Food-wise, it was a sort of dull holiday- I ate very well, but nothing new that I can think of offhand. Among other things I’m returning with are a brick of guava jelly (yay) and some incredibly interesting chocolate chips that my brother got for Christmas, from Vosges Chocolate. The first bag are ‘red fire’ chips, which include ancho and chipotle chillies and cinnamon in with the dark chocolate. The other bag are ‘black pearl’, which add ginger, wasabi, and black sesame seeds to the chocolate. Am looking forward to what Krissa invents to put them in. [Ed. Note later: these were delicious, and my brother got us more for my birthday a couple weeks ago. This stuff is silly expensive, and silly pretentious (never thought chocolate could be pretentious, huh?) but fricking crazy delicious.]
New Year’s resolution, I think, is not to say anything out loud that I would be uncomfortable putting in my blog. Last year’s resolution, for the first time ever, was a success- I got a couple new suits for Christmas, and I vowed that by this Christmas I’d lose enough weight to force them to be adjusted. Mission accomplished; have dropped two pants sizes and am hoping to drop at least one more this year. We’ll see how that goes. [Ed. Note: not doing great on this year’s resolution, but not terrible either. We’ll see how it goes :)]
I also found a short note from Berlin:
The new Reichstag is pretty cool, except that you can’t actually walk on the lawn of the republic (or whatever they call it) so you can’t really see the dome, and from within the dome, you can’t really see the floor of the Reichstag unless the angle is perfect. This is a shame; I really like the symbolized idea of a ‘transparent’ government- much better than the powerful but aloof architecture of DC. (Open Question: were the white columns always ‘aloof’? Or are we reading it to it modern feelings about our government?)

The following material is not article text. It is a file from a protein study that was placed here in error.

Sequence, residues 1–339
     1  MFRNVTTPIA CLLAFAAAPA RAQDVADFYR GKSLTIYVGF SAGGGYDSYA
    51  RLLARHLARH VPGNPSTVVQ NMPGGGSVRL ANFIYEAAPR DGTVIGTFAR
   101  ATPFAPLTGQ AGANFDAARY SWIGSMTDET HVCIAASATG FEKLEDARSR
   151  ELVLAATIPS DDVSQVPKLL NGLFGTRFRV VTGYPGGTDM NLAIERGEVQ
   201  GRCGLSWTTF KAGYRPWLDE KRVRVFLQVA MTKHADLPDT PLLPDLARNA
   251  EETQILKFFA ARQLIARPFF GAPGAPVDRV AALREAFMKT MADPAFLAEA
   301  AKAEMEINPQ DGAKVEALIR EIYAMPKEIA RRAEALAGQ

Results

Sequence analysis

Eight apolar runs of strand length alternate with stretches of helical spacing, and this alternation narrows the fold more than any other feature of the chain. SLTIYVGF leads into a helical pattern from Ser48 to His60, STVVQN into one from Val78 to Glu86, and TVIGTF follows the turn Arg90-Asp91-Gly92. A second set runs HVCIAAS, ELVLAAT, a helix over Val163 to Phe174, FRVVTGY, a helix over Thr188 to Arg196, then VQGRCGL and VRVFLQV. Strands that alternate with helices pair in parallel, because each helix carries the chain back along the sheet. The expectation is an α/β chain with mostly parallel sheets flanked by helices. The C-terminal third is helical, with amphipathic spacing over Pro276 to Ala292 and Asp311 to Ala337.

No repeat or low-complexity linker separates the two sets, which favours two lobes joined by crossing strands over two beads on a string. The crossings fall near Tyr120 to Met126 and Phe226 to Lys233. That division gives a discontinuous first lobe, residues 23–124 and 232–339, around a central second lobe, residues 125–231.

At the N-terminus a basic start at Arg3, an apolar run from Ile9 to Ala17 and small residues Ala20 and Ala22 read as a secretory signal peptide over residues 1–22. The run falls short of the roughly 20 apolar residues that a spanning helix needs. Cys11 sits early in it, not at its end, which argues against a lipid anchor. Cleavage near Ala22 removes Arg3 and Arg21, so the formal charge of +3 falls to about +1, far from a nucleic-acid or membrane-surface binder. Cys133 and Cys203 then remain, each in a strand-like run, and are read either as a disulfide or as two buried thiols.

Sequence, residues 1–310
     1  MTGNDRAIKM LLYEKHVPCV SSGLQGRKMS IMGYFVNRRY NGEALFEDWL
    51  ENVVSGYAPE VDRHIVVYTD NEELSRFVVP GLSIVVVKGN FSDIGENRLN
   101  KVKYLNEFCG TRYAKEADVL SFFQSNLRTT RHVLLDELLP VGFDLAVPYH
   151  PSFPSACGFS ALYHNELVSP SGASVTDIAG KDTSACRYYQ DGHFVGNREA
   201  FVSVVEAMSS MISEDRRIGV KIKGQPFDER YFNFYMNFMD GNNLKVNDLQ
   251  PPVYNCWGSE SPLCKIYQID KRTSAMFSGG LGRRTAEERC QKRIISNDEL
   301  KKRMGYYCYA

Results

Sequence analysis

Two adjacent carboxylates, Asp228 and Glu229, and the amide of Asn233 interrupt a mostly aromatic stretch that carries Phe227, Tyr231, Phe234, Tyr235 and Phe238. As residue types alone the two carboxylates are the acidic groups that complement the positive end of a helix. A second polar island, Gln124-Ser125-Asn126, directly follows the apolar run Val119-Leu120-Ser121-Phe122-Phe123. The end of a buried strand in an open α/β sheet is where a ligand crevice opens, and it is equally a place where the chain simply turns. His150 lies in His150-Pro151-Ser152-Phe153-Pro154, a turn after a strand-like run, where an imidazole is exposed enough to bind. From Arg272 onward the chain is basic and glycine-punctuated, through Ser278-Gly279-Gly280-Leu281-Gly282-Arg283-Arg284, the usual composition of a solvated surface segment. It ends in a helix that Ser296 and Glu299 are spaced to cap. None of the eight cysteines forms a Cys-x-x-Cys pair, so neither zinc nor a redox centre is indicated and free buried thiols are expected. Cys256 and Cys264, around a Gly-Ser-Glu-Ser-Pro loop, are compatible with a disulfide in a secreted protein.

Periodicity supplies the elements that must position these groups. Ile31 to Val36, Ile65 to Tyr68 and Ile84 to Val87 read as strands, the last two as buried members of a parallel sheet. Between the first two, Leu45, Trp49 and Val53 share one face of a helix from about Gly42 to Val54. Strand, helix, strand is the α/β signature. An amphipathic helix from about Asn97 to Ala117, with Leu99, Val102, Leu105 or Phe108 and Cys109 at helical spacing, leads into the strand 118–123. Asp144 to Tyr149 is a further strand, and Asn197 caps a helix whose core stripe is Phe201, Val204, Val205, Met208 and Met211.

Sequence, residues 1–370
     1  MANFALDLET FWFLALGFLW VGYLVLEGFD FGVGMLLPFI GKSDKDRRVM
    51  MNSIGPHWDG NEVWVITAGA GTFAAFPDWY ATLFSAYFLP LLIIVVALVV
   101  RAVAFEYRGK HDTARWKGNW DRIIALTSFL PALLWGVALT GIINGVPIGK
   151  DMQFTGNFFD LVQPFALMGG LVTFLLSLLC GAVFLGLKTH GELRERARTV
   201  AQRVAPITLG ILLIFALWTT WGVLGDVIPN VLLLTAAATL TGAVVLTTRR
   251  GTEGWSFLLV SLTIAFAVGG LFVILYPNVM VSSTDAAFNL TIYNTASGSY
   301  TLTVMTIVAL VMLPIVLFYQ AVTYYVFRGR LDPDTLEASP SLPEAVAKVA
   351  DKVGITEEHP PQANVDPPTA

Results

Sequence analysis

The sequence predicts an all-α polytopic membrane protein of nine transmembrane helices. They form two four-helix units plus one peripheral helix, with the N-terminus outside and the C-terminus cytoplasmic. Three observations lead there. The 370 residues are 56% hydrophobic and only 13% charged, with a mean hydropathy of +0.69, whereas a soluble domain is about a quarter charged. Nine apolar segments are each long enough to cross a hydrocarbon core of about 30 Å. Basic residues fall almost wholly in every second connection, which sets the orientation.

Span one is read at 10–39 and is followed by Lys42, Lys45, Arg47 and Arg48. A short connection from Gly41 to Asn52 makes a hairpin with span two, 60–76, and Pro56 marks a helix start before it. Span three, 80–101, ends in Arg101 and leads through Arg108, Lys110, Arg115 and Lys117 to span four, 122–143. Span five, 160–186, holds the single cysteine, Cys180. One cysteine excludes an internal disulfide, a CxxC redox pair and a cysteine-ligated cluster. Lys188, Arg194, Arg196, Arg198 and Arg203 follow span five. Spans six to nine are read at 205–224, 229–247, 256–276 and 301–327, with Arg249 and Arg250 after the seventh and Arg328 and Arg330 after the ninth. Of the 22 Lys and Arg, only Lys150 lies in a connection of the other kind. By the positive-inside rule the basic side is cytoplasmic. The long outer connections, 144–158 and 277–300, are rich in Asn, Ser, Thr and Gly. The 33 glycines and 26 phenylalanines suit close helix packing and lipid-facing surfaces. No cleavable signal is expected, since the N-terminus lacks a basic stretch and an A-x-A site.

The new holocaust memorial is fairly powerful, but (1) is not embedded in something like DC’s Mall (it is in the middle of cityscape/construction) and hence loses some of the meditative/emotional power. (2) It does not provide any context… a little bit of context and separation, and the raw design of the thing would be massively powerful. (compare/contrast the miami beach holocaust memorial, with stark images of starvation, or the personalization and scope of the vietnam memorial.) You want to walk into it, explore, think, but the surrounding cityscape and the lack of anything to even say ‘by the way, this is a holocaust memorial’ sort of dampens the effect. [There is some kind of vistor center-y thing, but there was only a line- no signs that I could see, even in german.]